An unusually talented mage being schooled at a girls’ college in Ancelstirre, unofficially dabbling in Necromancy, Sabriel never expected to leave the safety of her home kingdom, except from visits to her father, Abhorsen; and those were rare enough. But when she receives his sword and set of enchanted bells, she knows he is dead, so sets off on a journey into the Old Kingdom, a land of disorder and Free magic to bring him back. Accompanied only by a talking cat and a strange man, she is plunged into death and madness. But a threat is loose in the land, something she must strive to defeat- something that otherwise shall destroy everything.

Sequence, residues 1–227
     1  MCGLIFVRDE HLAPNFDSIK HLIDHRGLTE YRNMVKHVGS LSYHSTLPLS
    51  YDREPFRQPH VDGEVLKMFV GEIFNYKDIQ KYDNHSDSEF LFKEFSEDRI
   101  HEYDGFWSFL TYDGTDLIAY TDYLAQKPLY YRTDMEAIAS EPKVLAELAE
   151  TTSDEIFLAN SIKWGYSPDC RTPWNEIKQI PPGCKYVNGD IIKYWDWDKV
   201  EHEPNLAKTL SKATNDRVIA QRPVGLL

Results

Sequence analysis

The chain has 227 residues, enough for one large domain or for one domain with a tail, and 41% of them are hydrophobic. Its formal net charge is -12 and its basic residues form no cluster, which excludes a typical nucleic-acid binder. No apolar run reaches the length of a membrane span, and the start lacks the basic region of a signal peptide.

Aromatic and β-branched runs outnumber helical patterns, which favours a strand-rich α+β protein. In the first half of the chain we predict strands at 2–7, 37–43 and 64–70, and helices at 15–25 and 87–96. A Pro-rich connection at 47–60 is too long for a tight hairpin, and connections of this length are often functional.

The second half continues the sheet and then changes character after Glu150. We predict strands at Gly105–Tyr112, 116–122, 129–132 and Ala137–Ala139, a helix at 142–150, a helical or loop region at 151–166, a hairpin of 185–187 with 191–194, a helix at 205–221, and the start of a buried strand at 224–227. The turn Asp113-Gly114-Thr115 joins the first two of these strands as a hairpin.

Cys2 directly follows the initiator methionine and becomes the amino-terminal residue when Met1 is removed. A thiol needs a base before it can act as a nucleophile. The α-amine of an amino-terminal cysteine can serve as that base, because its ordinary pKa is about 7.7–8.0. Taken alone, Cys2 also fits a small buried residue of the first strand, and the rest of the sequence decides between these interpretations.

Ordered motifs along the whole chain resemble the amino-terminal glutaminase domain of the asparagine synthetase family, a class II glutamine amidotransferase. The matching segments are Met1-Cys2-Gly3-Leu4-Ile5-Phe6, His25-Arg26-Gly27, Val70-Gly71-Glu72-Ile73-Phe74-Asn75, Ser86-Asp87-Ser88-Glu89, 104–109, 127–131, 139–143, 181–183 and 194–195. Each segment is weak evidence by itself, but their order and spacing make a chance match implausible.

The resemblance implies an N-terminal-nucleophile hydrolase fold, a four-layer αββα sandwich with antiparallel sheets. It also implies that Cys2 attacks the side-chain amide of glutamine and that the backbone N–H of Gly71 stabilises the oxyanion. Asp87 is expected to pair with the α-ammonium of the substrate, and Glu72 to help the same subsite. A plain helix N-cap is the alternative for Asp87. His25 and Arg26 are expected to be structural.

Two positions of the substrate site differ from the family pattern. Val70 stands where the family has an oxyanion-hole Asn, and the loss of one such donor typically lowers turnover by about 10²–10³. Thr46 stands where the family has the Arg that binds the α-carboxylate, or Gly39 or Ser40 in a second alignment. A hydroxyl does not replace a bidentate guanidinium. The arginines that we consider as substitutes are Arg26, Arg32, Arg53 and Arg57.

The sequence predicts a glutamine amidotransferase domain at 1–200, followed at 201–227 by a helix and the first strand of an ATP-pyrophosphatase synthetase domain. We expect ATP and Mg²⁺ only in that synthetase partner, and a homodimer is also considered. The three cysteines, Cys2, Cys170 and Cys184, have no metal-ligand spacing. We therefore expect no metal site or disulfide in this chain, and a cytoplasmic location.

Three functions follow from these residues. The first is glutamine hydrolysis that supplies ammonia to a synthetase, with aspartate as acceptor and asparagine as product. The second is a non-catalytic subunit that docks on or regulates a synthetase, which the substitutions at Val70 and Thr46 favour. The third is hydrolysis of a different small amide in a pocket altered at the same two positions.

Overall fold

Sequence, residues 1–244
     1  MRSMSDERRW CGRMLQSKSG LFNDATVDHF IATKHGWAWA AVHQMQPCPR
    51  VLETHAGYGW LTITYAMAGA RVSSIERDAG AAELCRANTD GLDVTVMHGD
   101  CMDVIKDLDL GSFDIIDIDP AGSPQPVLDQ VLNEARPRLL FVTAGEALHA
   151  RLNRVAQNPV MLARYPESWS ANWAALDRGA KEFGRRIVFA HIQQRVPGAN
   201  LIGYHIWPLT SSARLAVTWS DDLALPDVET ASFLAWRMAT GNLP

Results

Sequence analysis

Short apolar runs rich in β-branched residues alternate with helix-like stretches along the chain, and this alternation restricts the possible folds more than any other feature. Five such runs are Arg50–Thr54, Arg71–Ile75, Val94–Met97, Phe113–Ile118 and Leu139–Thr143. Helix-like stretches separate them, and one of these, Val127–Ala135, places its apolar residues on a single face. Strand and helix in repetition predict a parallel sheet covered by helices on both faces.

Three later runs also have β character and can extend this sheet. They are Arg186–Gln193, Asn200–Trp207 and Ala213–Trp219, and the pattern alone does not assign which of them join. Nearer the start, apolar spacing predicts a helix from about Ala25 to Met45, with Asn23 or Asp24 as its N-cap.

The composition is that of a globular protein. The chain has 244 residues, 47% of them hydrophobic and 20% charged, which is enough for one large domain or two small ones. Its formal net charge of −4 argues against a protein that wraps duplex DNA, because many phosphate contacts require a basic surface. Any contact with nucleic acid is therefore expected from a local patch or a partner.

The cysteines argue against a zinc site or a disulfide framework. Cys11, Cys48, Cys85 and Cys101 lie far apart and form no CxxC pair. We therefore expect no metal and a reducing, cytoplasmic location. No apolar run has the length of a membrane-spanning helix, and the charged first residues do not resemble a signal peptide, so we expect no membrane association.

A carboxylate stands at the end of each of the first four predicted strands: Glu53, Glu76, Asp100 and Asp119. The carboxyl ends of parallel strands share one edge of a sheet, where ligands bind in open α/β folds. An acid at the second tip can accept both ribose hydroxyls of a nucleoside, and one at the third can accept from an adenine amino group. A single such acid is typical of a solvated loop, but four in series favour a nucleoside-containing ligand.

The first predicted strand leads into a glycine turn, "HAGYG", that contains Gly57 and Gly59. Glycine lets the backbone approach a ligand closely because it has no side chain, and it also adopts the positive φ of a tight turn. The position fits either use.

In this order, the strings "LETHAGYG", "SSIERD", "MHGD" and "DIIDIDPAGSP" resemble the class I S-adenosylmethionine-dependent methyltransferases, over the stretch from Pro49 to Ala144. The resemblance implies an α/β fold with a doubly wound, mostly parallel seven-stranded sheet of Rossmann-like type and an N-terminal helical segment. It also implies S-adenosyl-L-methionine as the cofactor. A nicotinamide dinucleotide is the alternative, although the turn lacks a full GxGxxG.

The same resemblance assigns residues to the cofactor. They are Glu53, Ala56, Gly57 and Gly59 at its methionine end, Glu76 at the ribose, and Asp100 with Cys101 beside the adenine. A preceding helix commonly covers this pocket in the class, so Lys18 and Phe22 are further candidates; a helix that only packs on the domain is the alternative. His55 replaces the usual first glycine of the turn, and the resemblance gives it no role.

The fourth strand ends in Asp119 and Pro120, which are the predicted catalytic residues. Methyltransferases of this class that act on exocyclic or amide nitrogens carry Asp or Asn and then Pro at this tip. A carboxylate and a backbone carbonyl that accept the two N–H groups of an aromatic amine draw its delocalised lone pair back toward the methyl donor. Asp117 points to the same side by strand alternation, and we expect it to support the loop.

The main reason I loved this book was its’ characters’ personalities. Unlike so many books like this, it manages to give them all a really deep, almost tangible sense of realness, with myriad layers and moods, little habits that they always do, making them feel real, making you really care about them. Sabriel, for example, without fail, washes her face in the coldest water she can find every morning, whereas in some books, characters do this once or twice then the authors forget about it, then randomly write it in every now or then, but Nix pays attention to detail. I also love how in this book the quest is emotionally motivated, instead of an oh-no-we-must-do-this-or-this-will-happen kind of quest. I love those kind of books nonetheless, but it makes it seem more real. This book is recommended to those who enjoyed the Hobbit, or, even more the Lord Of The Rings.